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Sketrick – Killyleagh

This 34km route explores many of the Lough’s Islands and includes an overnight stay on Salt Island

County
Down
Distance
34km
Days
2
Nearest Town
Killyleagh
Route Shape
Linear
Grade
-
OS Map
21
Access Point
Sketrick 523627 - J523627
Egress Point
Killyleagh - J530525

Downloads

Points of Interest

Ballydorn Lightship, Sketrick Castle, Islandmore, Island Taggart, Killyleagh, Delamont, Salt Island, Strangford, Ballyhenry.

Itinerary

Itinerary


This itinerary has been compiled using an estimated paddling speed of 2 knots (roughly 4 km per hour).  Although most ‘weekend’ paddlers will be comfortable paddling at 3 knots, this calculation allows for exploring, refreshment breaks and photo stops.  The timing estimations assume light or calm winds and do not make allowance for the help or hindrance of tide.


It is important to check the weather forecast before setting off.  Reasonable shelter can be found amongst the islands, however it is worth noting that some areas dry out completely at low tide and it is wise to consult the OS Map or Admiralty chart for this information.  Numerous busy sailing clubs operate from bays and inlets all along this section of coastline – paddlers should remain vigilant and give sailing boats a wide berth where appropriate.


The overnight camp is on Salt Island.  Camping is permitted free of charge on the north side of the island, however the bothy (GR 531500) must be pre-booked and a key collected prior to departure at one of the agreed keyholder venues. 


Day One – Sketrick (GR J523627) to Salt Island (GR J531502) 18km (9NM)


The trip starts at Sketrick where there is limited roadside parking adjacent to the slip.   If leaving a car, paddlers are advised to park in the large council-owned car park (with toilets) 500m further South along the road.  The closest services to the access point are located at Balloo village (GR J497607), these include two well-stocked grocery stores, a petrol station and an award-winning restaurant-pub.


From here, the route travels east around the back of Sketrick Island  (GR J526626) and then south towards Killyleagh (GR J530525), roughly following the western shore of the Lough.  The paddle weaves its way between the islands with exact route a matter of personal choice, however wind strength, state of tide and time available may all influence the decision.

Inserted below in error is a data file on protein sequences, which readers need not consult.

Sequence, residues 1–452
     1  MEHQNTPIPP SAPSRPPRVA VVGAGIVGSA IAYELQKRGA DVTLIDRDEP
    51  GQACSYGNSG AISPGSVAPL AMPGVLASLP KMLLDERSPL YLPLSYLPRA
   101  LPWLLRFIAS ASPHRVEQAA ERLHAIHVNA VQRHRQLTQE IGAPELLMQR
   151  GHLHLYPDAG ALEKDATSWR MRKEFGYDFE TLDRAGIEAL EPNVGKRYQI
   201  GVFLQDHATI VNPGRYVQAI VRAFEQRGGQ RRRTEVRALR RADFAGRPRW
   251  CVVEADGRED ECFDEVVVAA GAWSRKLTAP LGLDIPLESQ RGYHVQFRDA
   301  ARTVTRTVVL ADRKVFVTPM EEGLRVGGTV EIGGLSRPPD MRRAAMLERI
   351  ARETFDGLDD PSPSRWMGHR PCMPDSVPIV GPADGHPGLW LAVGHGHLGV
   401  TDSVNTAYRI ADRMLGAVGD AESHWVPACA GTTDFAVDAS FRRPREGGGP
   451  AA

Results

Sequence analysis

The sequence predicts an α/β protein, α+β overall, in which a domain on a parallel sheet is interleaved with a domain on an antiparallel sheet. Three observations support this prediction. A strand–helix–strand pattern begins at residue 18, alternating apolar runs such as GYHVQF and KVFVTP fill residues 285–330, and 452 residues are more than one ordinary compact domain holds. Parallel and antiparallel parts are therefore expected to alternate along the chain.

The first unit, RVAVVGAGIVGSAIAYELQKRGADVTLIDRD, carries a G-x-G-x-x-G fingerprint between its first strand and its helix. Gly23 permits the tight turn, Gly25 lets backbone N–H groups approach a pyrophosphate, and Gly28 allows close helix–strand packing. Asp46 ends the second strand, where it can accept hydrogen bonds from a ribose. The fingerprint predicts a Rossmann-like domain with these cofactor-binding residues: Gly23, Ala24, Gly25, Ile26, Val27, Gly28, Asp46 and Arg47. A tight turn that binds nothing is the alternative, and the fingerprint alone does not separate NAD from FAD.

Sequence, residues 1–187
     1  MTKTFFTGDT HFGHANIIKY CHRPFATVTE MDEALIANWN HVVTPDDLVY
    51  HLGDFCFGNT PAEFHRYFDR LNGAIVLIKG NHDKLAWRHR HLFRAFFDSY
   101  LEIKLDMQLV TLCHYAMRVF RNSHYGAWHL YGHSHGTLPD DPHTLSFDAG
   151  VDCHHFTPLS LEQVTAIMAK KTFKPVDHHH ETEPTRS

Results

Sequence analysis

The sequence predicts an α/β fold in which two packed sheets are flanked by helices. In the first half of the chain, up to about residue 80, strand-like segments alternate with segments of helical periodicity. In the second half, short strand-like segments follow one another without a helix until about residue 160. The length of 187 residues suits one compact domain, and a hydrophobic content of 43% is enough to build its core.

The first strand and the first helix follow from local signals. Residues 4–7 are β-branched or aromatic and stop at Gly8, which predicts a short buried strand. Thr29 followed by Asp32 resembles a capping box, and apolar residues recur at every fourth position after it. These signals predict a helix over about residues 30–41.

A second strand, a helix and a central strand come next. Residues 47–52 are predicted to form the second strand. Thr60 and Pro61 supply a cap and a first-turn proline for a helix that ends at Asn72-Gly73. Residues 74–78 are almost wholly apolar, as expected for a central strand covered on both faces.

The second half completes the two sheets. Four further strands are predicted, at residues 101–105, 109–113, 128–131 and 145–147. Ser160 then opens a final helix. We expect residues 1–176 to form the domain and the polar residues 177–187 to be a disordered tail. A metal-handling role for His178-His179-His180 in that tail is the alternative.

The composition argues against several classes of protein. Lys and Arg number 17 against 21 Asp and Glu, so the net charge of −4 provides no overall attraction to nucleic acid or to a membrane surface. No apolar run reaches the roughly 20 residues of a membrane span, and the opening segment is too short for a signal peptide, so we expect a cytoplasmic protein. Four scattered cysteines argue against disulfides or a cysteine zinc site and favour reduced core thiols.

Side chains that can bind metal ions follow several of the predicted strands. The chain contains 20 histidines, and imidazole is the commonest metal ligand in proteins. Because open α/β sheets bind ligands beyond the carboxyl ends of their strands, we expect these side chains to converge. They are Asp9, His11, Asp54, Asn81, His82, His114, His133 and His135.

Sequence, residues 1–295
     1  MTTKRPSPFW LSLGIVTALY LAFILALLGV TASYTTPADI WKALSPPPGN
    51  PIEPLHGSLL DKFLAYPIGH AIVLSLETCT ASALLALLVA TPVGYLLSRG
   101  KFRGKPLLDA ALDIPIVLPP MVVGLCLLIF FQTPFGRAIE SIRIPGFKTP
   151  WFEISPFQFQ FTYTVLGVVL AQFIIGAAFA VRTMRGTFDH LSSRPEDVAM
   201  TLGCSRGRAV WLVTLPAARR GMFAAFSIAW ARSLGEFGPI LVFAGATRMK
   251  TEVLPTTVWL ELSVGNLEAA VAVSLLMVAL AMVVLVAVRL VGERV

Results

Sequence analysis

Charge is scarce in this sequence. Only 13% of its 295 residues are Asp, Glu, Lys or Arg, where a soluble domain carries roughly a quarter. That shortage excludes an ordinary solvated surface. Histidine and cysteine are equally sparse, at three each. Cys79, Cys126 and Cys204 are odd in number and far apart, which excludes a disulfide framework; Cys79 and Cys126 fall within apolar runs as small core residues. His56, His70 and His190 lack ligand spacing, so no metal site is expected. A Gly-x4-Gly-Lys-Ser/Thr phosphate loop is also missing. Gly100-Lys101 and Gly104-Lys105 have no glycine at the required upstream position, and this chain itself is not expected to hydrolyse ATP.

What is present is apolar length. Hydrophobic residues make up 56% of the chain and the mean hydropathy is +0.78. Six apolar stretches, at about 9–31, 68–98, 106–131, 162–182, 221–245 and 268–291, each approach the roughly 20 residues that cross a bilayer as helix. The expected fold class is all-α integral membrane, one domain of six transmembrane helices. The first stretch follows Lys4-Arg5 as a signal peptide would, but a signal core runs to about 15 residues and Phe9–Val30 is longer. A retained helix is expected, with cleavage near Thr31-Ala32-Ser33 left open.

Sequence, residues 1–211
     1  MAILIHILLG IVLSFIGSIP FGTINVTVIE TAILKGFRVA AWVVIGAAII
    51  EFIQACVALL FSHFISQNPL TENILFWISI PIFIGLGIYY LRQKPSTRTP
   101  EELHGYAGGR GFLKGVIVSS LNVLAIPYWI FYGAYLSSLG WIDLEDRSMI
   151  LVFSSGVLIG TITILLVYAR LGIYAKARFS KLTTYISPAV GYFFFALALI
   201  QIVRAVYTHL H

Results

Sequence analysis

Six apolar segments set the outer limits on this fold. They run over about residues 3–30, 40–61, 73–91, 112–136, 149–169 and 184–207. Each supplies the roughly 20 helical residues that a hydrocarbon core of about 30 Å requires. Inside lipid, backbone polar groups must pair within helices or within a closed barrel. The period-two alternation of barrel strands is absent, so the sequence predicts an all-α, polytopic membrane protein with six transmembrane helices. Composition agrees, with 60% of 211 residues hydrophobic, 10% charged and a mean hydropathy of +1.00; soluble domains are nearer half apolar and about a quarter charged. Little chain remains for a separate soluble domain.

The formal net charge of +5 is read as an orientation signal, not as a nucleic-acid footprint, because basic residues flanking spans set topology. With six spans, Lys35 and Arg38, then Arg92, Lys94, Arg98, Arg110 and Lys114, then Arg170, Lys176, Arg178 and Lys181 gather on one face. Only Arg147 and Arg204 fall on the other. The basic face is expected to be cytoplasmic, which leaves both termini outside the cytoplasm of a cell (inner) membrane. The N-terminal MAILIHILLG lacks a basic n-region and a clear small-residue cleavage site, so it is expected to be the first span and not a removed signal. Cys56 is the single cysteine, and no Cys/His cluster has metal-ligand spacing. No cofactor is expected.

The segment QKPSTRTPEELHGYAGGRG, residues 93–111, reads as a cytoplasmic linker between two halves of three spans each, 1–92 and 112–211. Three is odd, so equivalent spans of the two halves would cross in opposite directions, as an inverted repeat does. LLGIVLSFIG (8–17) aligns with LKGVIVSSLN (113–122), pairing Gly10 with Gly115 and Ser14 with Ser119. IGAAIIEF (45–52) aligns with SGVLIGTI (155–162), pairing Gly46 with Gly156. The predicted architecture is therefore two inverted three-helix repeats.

The western shore is a fascinating maze of submerged drumlins and hills – this is an extension of the ‘Basket of Eggs’ countryside visible on the mainland and is unique to County Down.  Many islands are worth visiting on the journey south, however landing is only recommended on a limited number of islands owned by the National Trust; running south these are Darragh Island (GR J538603), Island Taggart (GR535545), Green Island (GR J537512), Salt Island (GR J531502) and Gibb’s Island (GR J509496).  Also, Ballyhenry Island (GR J574520) on the eastern side of the Lough at the head of the Narrows.


The launch point at Sketrick provides a good view of Sketrick Castle.  Built during the 16 century, it was destroyed during a ferocious storm in 1896 leaving the ruins visible today.  The castle is one of 16 Tower Houses sited along the Lough’s shores.  Adjacent to the launching slip is the Ballydorn Lightship (GR J528628).  Now serving as a clubhouse for a local yacht club, the ‘Petrel’ Lightship was built in 1913 and arrived in Strangford Lough after it was decommissioned in1968.  The sea around Sketrick is also a popular fishing ground for Herons.  They can often be spotted flying between islands or standing quietly by the waters edge.


If seal spotting is on the agenda, Greenisland Rock (GR J544602) adjacent to Darragh Island is worth closer inspection as this is a popular ‘haul out’ for common seals. 


From Ringahaddy Sound (GR J537583),between Islandmore and the mainland, a small dwelling on the western side of Islandmore is visible.  The building, also known as ‘The Blue Cabin’ is now immortalized in a book of the same name documenting modern day island life on Strangford.  Further south again, Island Taggart (GR J535545) is a good place to stop for refreshments and stretch the legs.  The island is one of the largest within Strangford Lough and the remains of the small settlement that existed there are still visible.  The island was inhabited until as recently as 1967.  Camping is also permitted on Taggart.